“Have any of the people raising issues put anything firm and concrete as alternatives to what Johannesburg is doing?” asked Tau. He said he didn’t want to judge other parties’ efforts but claimed, “They haven’t put anything on the table,” and said based on policy the ANC should take the city. While the mayor has come under intense criticism from a well-organised DA campaign he said the DA’s numbers on the city’s finances “can’t be substantiated”. He laughed at the EFF’s proposal for creating jobs through a particular type of local economic zone to boost manufacturing.

The City of Johannesburg has its problems. Unemployment, poverty and inequality define Joburg as much as the country. The billing crisis might be old news, but it’s hard to say the city is a paragon of efficiency. On multiple issues, Tau and the city have been accused of ignoring the poor while pursuing a vision for an unrealistic future. Some of the city’s purported gains have come with immediate negative effects, such as Operation Clean Sweep.

But Tau said the idea that the DA’s Cape Town does things better is false. Cape Town does not want to get into a fight with Joburg, he said, because he can note the mother city’s murder rate and its failure to spend certain grants on the poor. The DA cites its top rankings on financial management and delivering free services to the poor, but Tau doesn’t buy it. “The DA, I think, is believing its own propaganda.”

In Johannesburg, Tau is often quoted on his vision to stitch together the divided city. “I don’t think we have a choice but to do it. If we’re to solve South African problems, its social and economic challenges, we have to confront the issue of space,” he said. Considering the deep legacies of apartheid spatial planning are initiatives like the Corridors of Freedom enough? Tau said the city is implementing the policy and bulk infrastructure programmes, in conjunction with private partners, to put mixed housing developments where economic and transport access already exists and build new economic nodes in areas like Jabulani, Soweto.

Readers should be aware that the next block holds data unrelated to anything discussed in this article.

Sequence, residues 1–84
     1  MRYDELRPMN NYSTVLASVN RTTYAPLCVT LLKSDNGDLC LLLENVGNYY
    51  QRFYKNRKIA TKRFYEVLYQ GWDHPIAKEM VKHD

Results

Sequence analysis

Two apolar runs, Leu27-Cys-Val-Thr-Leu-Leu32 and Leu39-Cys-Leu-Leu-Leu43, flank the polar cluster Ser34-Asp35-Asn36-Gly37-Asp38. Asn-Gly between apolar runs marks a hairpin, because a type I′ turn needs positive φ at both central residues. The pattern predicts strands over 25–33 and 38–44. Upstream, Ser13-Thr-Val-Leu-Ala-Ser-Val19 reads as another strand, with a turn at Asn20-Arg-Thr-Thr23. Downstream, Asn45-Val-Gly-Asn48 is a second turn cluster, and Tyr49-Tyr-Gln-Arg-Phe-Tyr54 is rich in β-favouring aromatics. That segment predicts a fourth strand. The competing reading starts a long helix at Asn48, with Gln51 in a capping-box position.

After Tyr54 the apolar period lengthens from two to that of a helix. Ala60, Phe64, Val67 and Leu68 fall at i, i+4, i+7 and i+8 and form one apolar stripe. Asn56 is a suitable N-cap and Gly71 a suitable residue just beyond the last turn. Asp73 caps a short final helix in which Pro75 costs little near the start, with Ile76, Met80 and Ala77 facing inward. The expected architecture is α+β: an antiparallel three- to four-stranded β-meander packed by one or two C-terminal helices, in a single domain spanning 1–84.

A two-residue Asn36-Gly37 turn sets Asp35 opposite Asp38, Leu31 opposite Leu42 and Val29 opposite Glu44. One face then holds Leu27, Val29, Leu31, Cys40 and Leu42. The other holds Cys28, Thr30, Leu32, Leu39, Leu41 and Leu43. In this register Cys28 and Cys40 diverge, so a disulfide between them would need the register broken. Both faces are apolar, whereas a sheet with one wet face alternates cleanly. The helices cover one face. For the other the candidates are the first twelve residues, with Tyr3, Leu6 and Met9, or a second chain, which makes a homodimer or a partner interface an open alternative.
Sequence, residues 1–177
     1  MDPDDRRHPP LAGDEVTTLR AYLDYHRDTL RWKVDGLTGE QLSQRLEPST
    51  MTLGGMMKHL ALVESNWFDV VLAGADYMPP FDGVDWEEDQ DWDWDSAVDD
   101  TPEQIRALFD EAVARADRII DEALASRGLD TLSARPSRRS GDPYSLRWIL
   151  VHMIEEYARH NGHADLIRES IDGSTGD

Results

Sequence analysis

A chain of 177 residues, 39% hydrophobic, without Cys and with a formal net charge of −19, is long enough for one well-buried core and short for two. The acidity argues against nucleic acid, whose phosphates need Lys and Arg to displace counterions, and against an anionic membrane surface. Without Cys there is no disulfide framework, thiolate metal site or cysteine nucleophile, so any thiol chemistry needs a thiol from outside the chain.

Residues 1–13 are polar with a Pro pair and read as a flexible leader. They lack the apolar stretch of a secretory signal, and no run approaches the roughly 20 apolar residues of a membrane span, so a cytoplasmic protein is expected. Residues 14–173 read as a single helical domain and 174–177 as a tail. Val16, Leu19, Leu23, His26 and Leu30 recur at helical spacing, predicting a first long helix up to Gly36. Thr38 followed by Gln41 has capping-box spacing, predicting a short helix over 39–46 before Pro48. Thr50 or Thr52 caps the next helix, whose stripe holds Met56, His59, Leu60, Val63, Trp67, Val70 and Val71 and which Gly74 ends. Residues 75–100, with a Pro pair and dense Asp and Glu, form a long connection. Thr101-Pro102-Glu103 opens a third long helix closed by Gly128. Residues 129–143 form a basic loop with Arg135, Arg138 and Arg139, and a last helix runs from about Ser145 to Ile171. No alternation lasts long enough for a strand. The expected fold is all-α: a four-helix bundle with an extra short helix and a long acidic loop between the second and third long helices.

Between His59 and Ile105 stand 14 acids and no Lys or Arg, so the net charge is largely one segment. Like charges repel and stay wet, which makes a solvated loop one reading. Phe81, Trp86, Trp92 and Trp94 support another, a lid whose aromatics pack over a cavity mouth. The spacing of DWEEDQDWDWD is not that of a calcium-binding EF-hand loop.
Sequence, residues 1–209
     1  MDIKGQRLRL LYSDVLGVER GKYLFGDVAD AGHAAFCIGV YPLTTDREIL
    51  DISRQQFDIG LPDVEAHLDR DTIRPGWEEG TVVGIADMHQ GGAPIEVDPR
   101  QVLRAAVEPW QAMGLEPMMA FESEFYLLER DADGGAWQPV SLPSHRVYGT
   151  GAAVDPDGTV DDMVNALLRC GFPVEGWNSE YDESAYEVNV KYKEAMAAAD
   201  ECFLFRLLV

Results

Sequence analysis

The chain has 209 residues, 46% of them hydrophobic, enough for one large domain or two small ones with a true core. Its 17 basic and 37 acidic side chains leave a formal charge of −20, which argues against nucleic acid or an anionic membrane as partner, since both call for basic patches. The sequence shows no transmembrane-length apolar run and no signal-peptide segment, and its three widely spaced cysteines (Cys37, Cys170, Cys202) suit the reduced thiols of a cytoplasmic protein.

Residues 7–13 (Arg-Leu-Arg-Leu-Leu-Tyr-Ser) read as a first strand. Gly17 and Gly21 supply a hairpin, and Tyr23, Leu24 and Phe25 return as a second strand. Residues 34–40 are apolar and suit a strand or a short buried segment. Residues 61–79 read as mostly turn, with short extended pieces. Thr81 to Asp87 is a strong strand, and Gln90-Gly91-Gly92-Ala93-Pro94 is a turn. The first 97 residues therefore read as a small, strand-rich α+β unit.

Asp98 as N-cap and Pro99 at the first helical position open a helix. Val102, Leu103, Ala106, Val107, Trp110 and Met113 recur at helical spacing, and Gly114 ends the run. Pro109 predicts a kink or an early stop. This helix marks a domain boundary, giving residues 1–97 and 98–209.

He went into detail, but the key question was: “In the next generation how will Johannesburg function? Will it be an apartheid city?”

Tau’s knowledge of urban policy means he is prone to talk long-term, but one of the key issues in this election is jobs. The DA says an additional 180,000 people have become unemployed since the mayor took office in 2011. Tau dismissed the notion his administration has failed on employment, citing initiatives like Vulindlel’ eJozi, [email protected], efforts to build small and medium enterprises and others designed to help people improve their skills, like the recently launched matric rewrite programme. Considering migration to the city and the labour absorption rate, the criticism is unfounded, he said.

The mayor’s technocratic approach and late but intense ANC campaign schedule has come at the right time, but he still faces the challenge of whether voters will cast their ballots according to local or national issues. Only a few months ago the ANC was under pressure with President Jacob Zuma and the National Assembly receiving harsh criticism from the Constitutional Court over the Nkandla saga. Divisions continue after allegations of state capture and many of the political killings ahead of the elections relate to the ANC. Tau has managed to keep himself and the Joburg ANC separate from these scandals, appearing with national ANC leaders but somehow avoiding being connected to their controversies. Recently, he even asked formed president Thabo Mbeki for advice.

Asked what he is most proud of as mayor, Tau paused, reluctant to pat himself on the back. “It’s very difficult to stop thinking about things as milestones,” he said. Turning to his spokesperson, together they recalled a Nelson Mandela quote: “After climbing a great hill, one only finds that there are many more hills to climb.” It could be his slogan for re-election. The ANC is changing Johannesburg but with the many more hills ahead should it be trusted to change things fast enough?

Tau said his key challenges in office were operational efficiency and complaint turn-around times – getting the team repairing potholes to start to fix a pothole they didn’t know about but come across. His other key challenge, said Tau, is that he’s too far ahead of his team – he’s onto the next project before they’ve finished the previous one.

After we finish the interview, Tau was going into a full day of mayoral duties and campaigning on Thursday. There was Gugu Zulu’s funeral, a PSL event, and the CEO Sleepout. By getting the city to talk about his policies and vision, rather than Zuma & Co.’s challenges, and coming at the right time with brand of policy, Tau will likely win the Joburg vote, although it’s set to be the tightest race since 1994. DM

Photo: Parks Tau, Executive Mayor of Johannesburg, speaks during the workshop ‘Learning from Leading Cities’ at the Annual Meeting 2014 of the World Economic Forum at the congress centre in Davos, January 23, 2014. (WORLD ECONOMIC FORUM/ Jolanda Flubacher)